It’s been almost thirty years since the first banner ad appeared on the web…and yet, there’s often still confusion when it comes to display ads. That’s largely because display advertising continues to evolve. Over the past three decades, we’ve seen banners grow from pixelated rectangles to interactive and video ads on every digital platform imaginable.
What is display advertising?
At its core, display advertising is visual messaging featuring text, imagery, and a URL that’s designed to engage consumers and incite an action. It can be static or animated, can take the form of banners, video ads, mobile ads, and page takeovers, and can be used for everything from selling products to driving traffic to a landing page. According to eMarketer, display advertising is “one of the most effective ways to engage audiences,” and research shows that digital display ad spending in the US topped 92 billion in 2021.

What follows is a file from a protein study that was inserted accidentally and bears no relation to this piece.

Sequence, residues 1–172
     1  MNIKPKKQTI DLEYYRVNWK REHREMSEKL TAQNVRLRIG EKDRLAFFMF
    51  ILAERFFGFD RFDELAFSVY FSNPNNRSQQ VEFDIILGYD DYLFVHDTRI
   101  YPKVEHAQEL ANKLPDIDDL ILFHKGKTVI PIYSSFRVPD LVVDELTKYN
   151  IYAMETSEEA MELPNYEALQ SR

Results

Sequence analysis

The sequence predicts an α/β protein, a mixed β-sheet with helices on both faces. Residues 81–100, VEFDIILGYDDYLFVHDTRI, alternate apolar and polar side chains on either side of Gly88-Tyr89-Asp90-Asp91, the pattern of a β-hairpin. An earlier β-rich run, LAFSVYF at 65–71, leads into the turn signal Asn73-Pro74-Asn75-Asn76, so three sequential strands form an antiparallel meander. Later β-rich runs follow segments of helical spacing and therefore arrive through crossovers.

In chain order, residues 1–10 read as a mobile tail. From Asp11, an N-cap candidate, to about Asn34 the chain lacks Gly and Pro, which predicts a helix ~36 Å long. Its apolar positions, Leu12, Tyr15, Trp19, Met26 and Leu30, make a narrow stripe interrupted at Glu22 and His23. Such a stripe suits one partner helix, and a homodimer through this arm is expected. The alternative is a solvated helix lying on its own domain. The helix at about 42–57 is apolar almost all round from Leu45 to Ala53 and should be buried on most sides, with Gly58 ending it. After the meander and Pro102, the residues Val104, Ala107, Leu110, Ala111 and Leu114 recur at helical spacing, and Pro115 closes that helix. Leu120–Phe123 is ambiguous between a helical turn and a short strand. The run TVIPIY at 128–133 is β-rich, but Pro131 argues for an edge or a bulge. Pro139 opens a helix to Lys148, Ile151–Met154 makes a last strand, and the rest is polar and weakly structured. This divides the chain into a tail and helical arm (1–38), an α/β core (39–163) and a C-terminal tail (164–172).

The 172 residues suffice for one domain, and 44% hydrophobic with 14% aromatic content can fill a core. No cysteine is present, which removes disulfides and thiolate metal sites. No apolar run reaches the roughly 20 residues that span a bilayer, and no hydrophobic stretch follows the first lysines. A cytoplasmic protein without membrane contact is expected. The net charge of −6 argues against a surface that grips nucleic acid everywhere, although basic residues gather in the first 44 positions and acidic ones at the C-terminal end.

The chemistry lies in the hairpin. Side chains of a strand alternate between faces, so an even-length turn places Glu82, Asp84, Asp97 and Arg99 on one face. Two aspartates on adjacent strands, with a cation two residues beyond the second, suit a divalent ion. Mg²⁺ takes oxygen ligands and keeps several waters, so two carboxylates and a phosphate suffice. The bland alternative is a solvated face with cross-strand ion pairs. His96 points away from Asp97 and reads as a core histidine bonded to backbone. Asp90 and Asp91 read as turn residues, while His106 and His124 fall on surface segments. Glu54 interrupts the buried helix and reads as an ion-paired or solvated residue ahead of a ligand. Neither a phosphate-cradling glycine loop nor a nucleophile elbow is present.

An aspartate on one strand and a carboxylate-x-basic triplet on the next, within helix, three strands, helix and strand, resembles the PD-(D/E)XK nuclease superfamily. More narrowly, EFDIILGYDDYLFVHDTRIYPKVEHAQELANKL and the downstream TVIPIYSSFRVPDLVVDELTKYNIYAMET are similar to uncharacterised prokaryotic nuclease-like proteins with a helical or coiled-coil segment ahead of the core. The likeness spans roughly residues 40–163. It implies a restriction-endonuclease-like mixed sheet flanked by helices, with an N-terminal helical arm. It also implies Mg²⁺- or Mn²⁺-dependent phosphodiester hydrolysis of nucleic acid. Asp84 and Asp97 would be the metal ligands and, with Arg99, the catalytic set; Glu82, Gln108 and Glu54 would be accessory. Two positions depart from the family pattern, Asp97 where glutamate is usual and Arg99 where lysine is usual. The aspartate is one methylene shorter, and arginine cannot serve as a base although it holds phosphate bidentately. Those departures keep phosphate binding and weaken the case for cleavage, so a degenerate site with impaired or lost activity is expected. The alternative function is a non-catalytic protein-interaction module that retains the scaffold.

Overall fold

Let’s take a closer look at display advertising, its advantages to advertisers, and how to ensure your display ads are as effective as possible.
Types of display ads and their uses
Display advertising has something for everyone, regardless of your campaign goals. These ads come in multiple formats and sizes to meet the needs of your display advertising agency. What are the different types of display ads? Read on to learn about each type.
Banner ads: The standard banner ad—a direct descendent of the first banner released back in 1994—is fairly simple in nature: it can be static or animated, is clickable, and generally includes a prominent call-to-action.